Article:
Monday, November 25, 2013

Coding Week

This past spring, I watched the video below and was inspired to teach coding to all my computer students.

There is only one little problem.  I don't know how to code.  So, I used Code Academy to teach myself coding in my free time.  That worked for a while, and I tried it out on my middle school class.  What we learned using Code Academy is that there are many glitches that caused us more stress than we needed.  I'm sure that Code Academy is a great way to learn coding, but I quickly ditched it as a teaching tool in middle school.

What I have found that I like is a host of apps that teach pre-coding skills, especially for elementary and middle school grades. I call these skills pre-coding because we're teaching logic, not language.  Students need to plot and plan a course of action BEFORE they actually begin any movement. The levels start easy but get increasingly difficult as the game goes on.

I recently learned of the Hour of Code Week coming up December 9-15 and got really excited.  In fact, I got so excited that I started early.  I dubbed this week (November 18-22) Coding Week in all my elementary computer classes*.

My kindergartners started out the fun using Kodable, and they loved it! In Kodable, students send a cute little furry creature through a maze, collecting coins as it goes. Students drag directional arrows and color blocks into a specific order before you send the little critter on his merry way.

Honestly, I wondered if I bit off more than I could chew on this. But, I jumped in with both feet and hoped for the best. I showed them an example so they would know the goal before they touched an iPad. It turned out my fears were for naught, because they dove in like the digital natives they are.  I loved how they figured it out, asked good questions, and celebrated victories -- collaboratively.  I liked Kodable so much, that I'm now using it with my daughter in preschool.  (We're taking it slowly, but I think she's getting the hang of the first few levels.)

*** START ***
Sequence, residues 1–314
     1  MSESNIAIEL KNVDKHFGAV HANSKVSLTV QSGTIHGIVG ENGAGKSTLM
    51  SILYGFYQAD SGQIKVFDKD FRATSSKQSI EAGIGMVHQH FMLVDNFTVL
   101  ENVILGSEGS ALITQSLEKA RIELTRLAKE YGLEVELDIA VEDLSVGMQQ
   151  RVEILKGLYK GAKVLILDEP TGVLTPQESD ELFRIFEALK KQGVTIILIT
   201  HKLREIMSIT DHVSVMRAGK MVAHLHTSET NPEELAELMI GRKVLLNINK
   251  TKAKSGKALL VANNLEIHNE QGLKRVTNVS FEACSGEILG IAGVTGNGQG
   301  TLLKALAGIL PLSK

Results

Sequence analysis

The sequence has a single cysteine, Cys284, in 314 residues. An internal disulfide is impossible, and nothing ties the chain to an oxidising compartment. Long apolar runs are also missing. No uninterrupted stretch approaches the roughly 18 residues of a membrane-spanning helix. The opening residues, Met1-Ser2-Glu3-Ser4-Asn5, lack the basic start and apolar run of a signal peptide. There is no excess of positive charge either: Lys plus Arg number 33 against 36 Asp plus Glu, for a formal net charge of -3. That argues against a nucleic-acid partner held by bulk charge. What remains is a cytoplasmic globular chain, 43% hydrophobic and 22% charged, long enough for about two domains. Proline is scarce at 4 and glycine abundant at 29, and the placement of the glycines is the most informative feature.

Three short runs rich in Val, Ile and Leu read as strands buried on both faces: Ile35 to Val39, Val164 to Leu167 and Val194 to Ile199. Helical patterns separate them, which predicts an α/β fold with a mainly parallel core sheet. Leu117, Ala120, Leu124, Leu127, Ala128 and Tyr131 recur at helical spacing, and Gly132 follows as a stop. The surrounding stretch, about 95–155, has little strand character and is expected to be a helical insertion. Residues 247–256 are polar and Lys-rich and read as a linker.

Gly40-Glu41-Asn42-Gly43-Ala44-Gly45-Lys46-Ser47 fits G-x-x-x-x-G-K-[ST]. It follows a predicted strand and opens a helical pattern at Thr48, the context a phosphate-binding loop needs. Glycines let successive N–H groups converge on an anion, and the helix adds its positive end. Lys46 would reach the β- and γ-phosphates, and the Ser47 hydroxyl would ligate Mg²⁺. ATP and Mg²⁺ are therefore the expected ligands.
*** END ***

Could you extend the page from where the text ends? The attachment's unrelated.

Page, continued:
My first and second graders got their start in Kodable, but they were ready for something else -- something a bit more challenging.  So, we brought in Daisy the Dinosaur with them. The coder's job in Daisy is a bit more complicated. One prerequisite is the ability to read.  On each level, you have to read the goal, then drag and drop the commands for Daisy into the "Program" square.  Daisy can move in two directions, jump, grow, shrink, spin, and do other fun things.  After completing the Challenge Mode, students go on to the free play section where they can really have fun with Daisy.

As students play around with Daisy, they learn what makes Daisy do what they want her to do and what makes her do things they never intended. They learn to use the "Repeat 5" and "When" commands which get into more complex programs.

Daisy was a good introduction to drag and drop coding for my third and fourth grade students, but I quickly moved them on to Hopscotch. (Daisy the Dinosaur was created by the Hopscotch people, for the younger set.) In Hopscotch, the coder picks a character (or more -- as my students discovered) and send them about a three-dimensional board.  Again, the commands are programmed before you see what the character will do.  There are many more commands and they are more complex.  I challenged students to make shapes, but after using the app myself a number of times, I got tired of triangles and showed them how to alter the angle just slightly to make super-cool figures (see below).